Grill the fish over glowing hardwood embers for a smoky variation. The bread can be toasted in the broiler if the pieces are too thick for the toaster; watch carefully.
1/4 cup mayonnaise
2 to 4 tablespoons finely sliced fresh basil
1/4 teaspoon fresh lemon juice
4 to 6 slices bacon
1 large ripe tomato, cored, thickly sliced
Two 3-inch-long sections of ciabatta or sourdough baguette, halved through the middle, or four 3/4-inch thick slices sourdough bread
2 to 4 small romaine lettuce leaves
2 pieces, each about 1 inch thick, halibut fillet (12 to 14 ounces total)
Salt, freshly ground black pepper
Mix mayonnaise, basil and lemon juice in a small dish.
Cook bacon in a large skillet until as crisp as you like it. Drain on paper toweling. Slice the tomato, and toast the bread. Pat the lettuce dry.
Heat broiler to high. Season fish generously with salt and pepper. Then coat it with oil. Place fish, skin side up, on the broiler pan. Broil 5 or 6 inches from the heat source, turning once, until nearly flaky, 8 to 9 minutes total. Remove from heat. Remove skin if you wish.
Assemble sandwiches as follows: spread the toasted bread with the mayonnaise. Top one slice with half of the lettuce and tomato slices. Top with a piece of fish and then the bacon. Place a second piece of bread on top. Repeat for the second sandwich.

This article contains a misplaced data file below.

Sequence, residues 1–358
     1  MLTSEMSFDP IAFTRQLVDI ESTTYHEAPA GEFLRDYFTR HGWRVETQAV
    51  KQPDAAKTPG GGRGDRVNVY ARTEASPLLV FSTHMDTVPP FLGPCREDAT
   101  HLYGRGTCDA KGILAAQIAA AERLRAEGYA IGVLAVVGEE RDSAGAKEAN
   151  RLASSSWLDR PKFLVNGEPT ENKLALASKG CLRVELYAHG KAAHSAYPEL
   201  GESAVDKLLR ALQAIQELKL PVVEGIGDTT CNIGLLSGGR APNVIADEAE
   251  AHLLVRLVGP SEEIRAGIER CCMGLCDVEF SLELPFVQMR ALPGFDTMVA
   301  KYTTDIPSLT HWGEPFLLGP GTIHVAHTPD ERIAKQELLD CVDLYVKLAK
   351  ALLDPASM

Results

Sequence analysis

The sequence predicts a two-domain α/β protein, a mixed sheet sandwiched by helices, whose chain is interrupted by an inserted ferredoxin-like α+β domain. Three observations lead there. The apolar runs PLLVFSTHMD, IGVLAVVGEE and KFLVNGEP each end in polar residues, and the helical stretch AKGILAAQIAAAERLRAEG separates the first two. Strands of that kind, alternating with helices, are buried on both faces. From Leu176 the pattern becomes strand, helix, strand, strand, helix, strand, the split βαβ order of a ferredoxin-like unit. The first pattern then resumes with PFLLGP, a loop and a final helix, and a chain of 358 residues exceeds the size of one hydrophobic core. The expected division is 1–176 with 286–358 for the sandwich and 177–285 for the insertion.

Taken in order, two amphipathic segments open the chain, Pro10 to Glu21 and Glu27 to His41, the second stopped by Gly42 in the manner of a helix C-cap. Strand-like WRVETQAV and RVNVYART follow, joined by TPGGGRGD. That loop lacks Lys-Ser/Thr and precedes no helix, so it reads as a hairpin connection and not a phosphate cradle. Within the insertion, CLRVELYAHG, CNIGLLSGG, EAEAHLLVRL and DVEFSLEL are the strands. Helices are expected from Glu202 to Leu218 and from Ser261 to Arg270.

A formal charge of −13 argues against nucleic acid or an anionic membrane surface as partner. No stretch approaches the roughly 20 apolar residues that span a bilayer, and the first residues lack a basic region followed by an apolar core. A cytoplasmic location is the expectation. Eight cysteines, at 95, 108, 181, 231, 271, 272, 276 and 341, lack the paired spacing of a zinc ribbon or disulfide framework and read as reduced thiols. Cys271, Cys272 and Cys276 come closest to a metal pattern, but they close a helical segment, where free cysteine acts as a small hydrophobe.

Nutrition information per serving: 691 calories, 47 g fat, 9 g saturated fat, 106 mg cholesterol, 30 g carbohydrates, 4 g sugar, 37 g protein, 847 mg sodium, 2 g fiber
This salad tastes great served on buttered toast or crisp crackers.
1 large or 2 small cooked halibut fillet(s), (about 12 ounces total), see recipes above
1/3 cup mayonnaise
1/4 cup thinly sliced fresh basil leaves
2 to 3 tablespoons chopped fresh chives
1/2 teaspoon fresh lemon or lime juice
1/4 teaspoon salt
Freshly ground pepper
2 medium tomatoes, cored, seeded, diced, about 3/4 cup
1/2 small sweet yellow or orange bell pepper, seeded, finely diced
Lettuce leaves, sprouts
Use a fork to break cooked fish into large chunks. You should have about 2 loosely packed cups. Handle fish gently so it doesn’t shred too much.
Mix mayonnaise, basil, chives, lemon juice, salt and pepper to taste in a medium bowl. Add tomatoes and peppers. Toss to mix. Add fish and toss gently.
Serve on lettuce leaves garnished with fresh sprouts. Makes 3 cups or 10 servings.
Nutrition information per 1/4 cup serving: 110 calories, 10 g fat, 2 g saturated fat, 17 mg cholesterol, 1 g carbohydrates, 1 g sugar, 5 g protein, 113 mg sodium, 0 g fiber